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The Supreme Court reversed the decision of the court of appeals vacating the orders of the trial court imposing lifetime satellite-based monitoring (SBM) upon Defendant, holding that the court of appeals abused its discretion when it allowed Defendant's petition for writ of certiorari and invoked Rule 2 to review the SBM orders.Defendant was convicted of three counts of statutory rape of a child by an adult, two counts of statutory sex offense with a child, and three counts of taking indecent liberties with a child. The trial court ordered lifetime sex offender registration and SBM pursuant to N.C. Gen. Stat. 14-208.40A(c). The court of appeals reached the merits of Defendant's SBM challenge and vacated the SBM orders without prejudice. The Supreme Court reversed, holding that the court of appeals abused its discretion by allowing Defendant's petition for a writ of certiorari and invoking Rule 2 to review Defendant's challenge to the SBM orders. View "State v. Ricks" on Justia Law

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The Supreme Court reinstated the order of the trial court imposing lifetime satellite-based monitoring (SBM) based upon Defendant's status as an aggravated offender, holding that the order complied with the Fourth Amendment of the United States Constitution and N.C. Const. art. I, 20.Defendant pleaded guilty to first-degree statutory rape and first-degree statutory sexual offense. While Defendant was on probation, he sexually assaulted his minor niece. The trial court ordered Defendant to enroll in lifetime SBM and that, under the totality of the circumstances, the SBM program was constitutionally reasonable as applied to Defendant. The Supreme Court affirmed, holding (1) a search effected by the imposition of lifetime SBM upon a defendant due to his status as an aggravated offender is reasonable under the Fourth Amendment; and (2) the SBM program does not violate Article I, Section 20 because SMB orders do not constitute general warrants. View "State v. Hilton" on Justia Law

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The Supreme Court reversed Defendant's conviction of two counts of rape of a child under fourteen years of age, holding that Defendant's counsel was ineffective.A jury convicted Defendant of two counts of rape of a child under fourteen years of age for her actions as a middle school counselor in allegedly engaging in sex acts with a student. The court of appeals affirmed. The Supreme Court reversed the court of appeals' holding that Defendant's intent was irrelevant in this case and remanded the case to the district court for a Van Cleave hearing. The district court concluded that trial counsel had not been ineffective. The Supreme Court reversed and remanded the case for a new trial, holding (1) the absence of an instruction permitting the jury to apply Defendant's defense was prejudicial; and (2) there is no mental culpability requirement for rape of a child under fourteen. View "State v. Dinkel" on Justia Law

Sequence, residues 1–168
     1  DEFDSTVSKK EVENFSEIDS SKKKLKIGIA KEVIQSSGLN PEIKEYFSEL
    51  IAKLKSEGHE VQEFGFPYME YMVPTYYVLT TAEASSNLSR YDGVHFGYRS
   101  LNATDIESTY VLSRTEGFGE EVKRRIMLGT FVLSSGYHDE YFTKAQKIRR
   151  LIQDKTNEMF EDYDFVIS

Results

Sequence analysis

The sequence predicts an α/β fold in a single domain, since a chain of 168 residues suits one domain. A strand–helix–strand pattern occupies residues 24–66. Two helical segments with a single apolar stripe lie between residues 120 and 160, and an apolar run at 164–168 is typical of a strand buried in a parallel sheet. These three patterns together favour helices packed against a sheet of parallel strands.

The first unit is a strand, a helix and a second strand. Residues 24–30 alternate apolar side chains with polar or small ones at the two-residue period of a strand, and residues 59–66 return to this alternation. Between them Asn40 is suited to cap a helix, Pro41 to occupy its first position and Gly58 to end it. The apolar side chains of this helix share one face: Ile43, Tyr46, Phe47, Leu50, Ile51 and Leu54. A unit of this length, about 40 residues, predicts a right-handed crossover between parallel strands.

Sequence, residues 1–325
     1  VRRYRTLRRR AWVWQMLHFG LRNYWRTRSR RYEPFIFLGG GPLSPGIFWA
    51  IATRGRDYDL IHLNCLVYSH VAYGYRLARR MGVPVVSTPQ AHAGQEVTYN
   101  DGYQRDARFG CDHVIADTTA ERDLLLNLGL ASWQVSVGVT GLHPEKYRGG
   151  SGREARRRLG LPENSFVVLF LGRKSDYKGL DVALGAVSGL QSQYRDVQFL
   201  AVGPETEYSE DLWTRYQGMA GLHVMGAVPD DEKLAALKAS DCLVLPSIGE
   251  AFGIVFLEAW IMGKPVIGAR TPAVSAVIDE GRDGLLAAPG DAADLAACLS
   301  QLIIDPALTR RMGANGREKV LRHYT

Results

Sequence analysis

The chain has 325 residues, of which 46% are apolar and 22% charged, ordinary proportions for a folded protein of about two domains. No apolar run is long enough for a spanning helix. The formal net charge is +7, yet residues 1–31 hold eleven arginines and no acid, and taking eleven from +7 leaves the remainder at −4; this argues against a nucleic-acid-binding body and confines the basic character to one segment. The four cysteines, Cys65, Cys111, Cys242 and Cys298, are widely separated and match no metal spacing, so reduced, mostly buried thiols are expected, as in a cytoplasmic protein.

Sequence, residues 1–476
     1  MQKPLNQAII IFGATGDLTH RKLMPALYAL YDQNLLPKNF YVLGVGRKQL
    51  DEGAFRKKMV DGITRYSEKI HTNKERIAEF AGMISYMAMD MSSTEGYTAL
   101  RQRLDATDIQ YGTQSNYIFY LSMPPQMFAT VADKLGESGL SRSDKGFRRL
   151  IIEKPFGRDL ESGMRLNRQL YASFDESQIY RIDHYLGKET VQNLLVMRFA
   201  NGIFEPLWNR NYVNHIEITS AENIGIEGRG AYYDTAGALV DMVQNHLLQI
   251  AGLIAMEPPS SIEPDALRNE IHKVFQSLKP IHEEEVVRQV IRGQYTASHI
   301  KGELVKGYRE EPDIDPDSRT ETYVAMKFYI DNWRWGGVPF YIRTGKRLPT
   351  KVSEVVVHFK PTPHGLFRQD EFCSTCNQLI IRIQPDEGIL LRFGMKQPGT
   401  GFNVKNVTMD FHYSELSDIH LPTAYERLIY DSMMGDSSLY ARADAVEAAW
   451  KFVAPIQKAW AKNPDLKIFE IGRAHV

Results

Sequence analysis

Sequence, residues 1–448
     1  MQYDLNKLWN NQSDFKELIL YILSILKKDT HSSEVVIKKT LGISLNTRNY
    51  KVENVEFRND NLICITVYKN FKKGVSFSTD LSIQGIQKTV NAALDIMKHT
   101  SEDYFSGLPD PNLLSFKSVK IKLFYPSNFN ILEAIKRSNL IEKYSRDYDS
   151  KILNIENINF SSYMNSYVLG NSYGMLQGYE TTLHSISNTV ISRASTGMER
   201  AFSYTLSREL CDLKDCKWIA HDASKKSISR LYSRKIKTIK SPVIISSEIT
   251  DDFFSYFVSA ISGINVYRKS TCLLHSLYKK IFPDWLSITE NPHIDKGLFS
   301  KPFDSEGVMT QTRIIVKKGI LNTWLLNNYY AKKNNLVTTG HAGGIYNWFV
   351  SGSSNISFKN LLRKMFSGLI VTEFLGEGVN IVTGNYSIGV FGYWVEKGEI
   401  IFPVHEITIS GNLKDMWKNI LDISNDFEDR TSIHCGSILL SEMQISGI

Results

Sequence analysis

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The Supreme Court affirmed the order of the district court overruling Defendant's motion for absolute discharge, in which Defendant alleged violations of his constitutional and statutory rights to a speedy trial, holding that the district court did not err.On appeal from the denial of his motion for discharge, Defendant argued that the district court erred when it concluded that continuances ordered by the court in response to the COVID-19 pandemic were for good cause and therefore should be excluded from the calculation of the time for bringing him to trial. The Supreme Court affirmed, holding that neither Defendant's statutory nor his federal or state constitutional right to a speedy trial was violated under the circumstances of this case. View "State v. Brown" on Justia Law

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The Supreme Court affirmed the judgment of the district court denying Defendant's motion to suppress evidence recovered during a warrantless inventory search of his vehicle, holding that the plain-view exception to the warrant requirement of the United States and Nevada Constitutions applied in this case.Following a lawful stop and arrest of Defendant, a police officer performed a warrantless inventory search of Defendant's vehicle that produced no formal inventory. The officer, however, observed contraband during the search, leading to criminal charged being filed against Defendant. Defendant filed a motion to suppress, alleging that the evidence recovered from the vehicle was the product and fruit of an illegal search. The district court denied the motion, concluding that the evidence was validly discovered under the plain-view exception to the warrant requirement. The Supreme Court affirmed, holding that the plain-view exception to the warrant requirement applied because the officer was legally present in the vehicle at the time he observed the contraband. View "Jim v. State" on Justia Law